Results

Internal consistency of the KIMS-R

As previously stated, items with the lowest item-total correlations were eliminated to obtain a reduced version of the KIMS that would be suited for internal consistency and factor structure analyses. Eighteen items were eliminated. All final subscales contained five items except for Accept without Judgment, which contained six (see in Table 1 the items that remained in the KIMS-R, and their translation into Spanish in Appendix I). Internal consistency of the resulting scale was good (a = .84). The KIMS-R subscales also showed adequate internal consistencies. Specifically, Table 1 shows that the alpha coefficients for Accept without Judgment, Acting with Awareness, Describe, and Observe were .84, .83, .88, and .77, respectively.

Factor structure of the KIMS-R

Preliminary analysis showed that the KIMS-R was appropriate for factor analysis, as the Kaiser-Meyer-Olkin index was .82 and the Bartlett sphericity test was statistically significant (X2 = 1344.44, p < .001). Table 1 shows the results of the factor analysis conducted with principal axis factoring and oblique rotation. As expected, this analysis yielded four factors with eigenvalues greater than 1.0, which cumulatively accounted for 61.82% of the variance. All the items had loadings of .50 or greater on their expected corresponding factor.

Descriptive data, internal consistencies and zero-order correlations

Table 2 shows the descriptive data, internal consistencies obtained for each scale, and the correlations between measures in the current study. Participants' mean scores on pathological worry (PSWQ) and psychological inflexibility (AAQ-II) did not differ significantly from scores obtained with Spanish nonclinical populations in other studies (e.g., Ruiz et al., 2013; Sandin et al., 2009). Good internal consistencies were found for both instruments (PSWQ: a = .92, AAQ-II: a = .86). As expected, KIMS-R scores correlated significantly with psychological inflexibility (r = -.38) and pathological worry (r = -.20). However, psychological inflexibility showed the highest correlation with pathological worry (r = .56) followed by Accept without Judgment (r = -.42). None of the remaining mindfulness skills showed significant correlations with the PSWQ scores. With regard to the KIMS-R subscales, AAQ-II scores correlated significantly in the expected direction with Accept without Judgment (r = -.49) and Act with Awareness (r = -.31). Lastly, as in the original study (Baer et al., 2004), correlations between the KIMS subscales were modest.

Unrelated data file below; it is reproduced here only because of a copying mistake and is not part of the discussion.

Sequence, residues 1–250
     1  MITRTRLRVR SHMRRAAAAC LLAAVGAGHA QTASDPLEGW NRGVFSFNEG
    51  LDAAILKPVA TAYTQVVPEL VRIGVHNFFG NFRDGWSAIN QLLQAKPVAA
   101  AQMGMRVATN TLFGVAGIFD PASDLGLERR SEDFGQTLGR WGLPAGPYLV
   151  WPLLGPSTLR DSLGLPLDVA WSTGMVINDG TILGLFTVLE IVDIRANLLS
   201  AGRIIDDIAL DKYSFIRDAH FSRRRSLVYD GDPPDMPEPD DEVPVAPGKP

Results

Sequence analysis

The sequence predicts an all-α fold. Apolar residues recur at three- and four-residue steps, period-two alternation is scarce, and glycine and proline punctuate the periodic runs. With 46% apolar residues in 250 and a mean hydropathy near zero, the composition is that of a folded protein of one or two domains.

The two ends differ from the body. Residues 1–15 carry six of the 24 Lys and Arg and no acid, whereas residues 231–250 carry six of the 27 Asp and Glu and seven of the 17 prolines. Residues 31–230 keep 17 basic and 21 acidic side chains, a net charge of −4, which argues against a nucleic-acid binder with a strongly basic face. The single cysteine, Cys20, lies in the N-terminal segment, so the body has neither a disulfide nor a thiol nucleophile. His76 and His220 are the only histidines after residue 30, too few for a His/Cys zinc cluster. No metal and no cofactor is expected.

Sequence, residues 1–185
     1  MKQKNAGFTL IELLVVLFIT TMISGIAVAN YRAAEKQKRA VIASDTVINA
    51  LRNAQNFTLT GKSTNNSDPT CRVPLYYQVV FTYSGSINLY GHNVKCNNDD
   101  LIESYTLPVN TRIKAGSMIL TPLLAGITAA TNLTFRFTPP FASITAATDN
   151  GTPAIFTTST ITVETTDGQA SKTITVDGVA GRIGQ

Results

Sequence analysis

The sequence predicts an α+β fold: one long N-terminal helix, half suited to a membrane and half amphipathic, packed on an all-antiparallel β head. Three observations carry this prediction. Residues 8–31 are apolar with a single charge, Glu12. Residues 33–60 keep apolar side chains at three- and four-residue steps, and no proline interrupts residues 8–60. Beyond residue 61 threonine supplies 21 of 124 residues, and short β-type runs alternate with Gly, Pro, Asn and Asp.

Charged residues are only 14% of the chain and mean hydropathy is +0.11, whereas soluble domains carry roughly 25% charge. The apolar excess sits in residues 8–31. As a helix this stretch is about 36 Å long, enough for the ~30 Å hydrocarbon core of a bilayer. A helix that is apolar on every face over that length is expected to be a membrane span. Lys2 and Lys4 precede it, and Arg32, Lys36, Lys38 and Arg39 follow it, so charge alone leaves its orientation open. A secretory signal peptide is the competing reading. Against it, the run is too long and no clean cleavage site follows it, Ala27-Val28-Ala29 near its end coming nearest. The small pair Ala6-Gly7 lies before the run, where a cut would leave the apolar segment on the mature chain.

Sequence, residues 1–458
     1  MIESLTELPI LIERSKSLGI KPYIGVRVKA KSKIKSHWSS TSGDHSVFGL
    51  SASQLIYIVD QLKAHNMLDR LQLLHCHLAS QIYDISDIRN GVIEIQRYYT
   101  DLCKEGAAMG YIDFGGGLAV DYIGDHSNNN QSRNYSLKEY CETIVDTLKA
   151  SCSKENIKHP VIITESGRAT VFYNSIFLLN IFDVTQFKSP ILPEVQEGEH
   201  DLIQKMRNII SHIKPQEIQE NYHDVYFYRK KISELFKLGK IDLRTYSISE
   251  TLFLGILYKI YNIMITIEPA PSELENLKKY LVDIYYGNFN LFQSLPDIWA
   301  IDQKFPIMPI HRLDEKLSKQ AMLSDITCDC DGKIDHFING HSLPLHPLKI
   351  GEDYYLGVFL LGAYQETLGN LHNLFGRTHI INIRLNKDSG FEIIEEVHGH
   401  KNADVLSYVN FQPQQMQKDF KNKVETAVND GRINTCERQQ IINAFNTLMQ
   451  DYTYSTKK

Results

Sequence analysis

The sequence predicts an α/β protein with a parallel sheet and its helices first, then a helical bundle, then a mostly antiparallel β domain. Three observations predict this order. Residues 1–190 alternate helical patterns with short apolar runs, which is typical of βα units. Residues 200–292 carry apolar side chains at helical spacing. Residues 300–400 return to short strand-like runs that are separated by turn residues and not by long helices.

Mediation analyses of the effect of low levels of mindfulness skills on pathological worry through psychological inflexibility

Table 3 shows the data concerning the mediation analyses conducted to explore the mediating role of psychological inflexibility in the effect of overall mindfulness skills and each of the KIMS-R factors on pathological worry. As independent variable, mindfulness skills as a set significantly predicted the proposed mediator variable (i.e., psychological inflexibility; path a: TE = -.265, SE = .058, p < .001) and the dependent variable (i.e., pathological worry; path c or total effect: TE = -.195, SE = .089, p < .05). However, the latter prediction became nonsignificant when psychological inflexibility was included in the model (path c' or direct effect: TE = .009, SE = .084, p = .917). The total indirect effect of mindfulness skills on pathological worry through psychological inflexibility was significant (path ab), with a point estimate of -.203 (SE = .054) and a 95% BCa CI of -.324 to -.110. The effect size of the indirect effect was medium-large (abcs = -.203, 95% BCa CI of -.317 to -.108). Therefore, the mediation analysis revealed that psychological inflexibility fully mediated the relationship between low levels of mind-fulness skills as a set and pathological worry.

Concerning Accept without Judgment, it significantly predicted psychological inflexibility (path a: TE = -.736, SE = .136, p < .001) as well as pathological worry (path c or total effect: TE = -.847, SE = .204, p < .001). However, when controlling for psychological inflexibility, the effect of Accept without Judgment on pathological worry became nonsignificant (path c' or direct effect: TE = -.359, SE = .205, p = .083). The indirect effect of Accept without Judgment on pathological worry through psychological inflexibility was significant (path ab: point estimate = -.489, SE = .120, 95% BCa CI of -.770 to -.287) with a medium-large effect size (abcs = -.208, 95% BCa CI of -.325 to -.121). Thus, psychological inflexibility also fully mediated the effect of low levels of Accept without Judgment on pathological worry.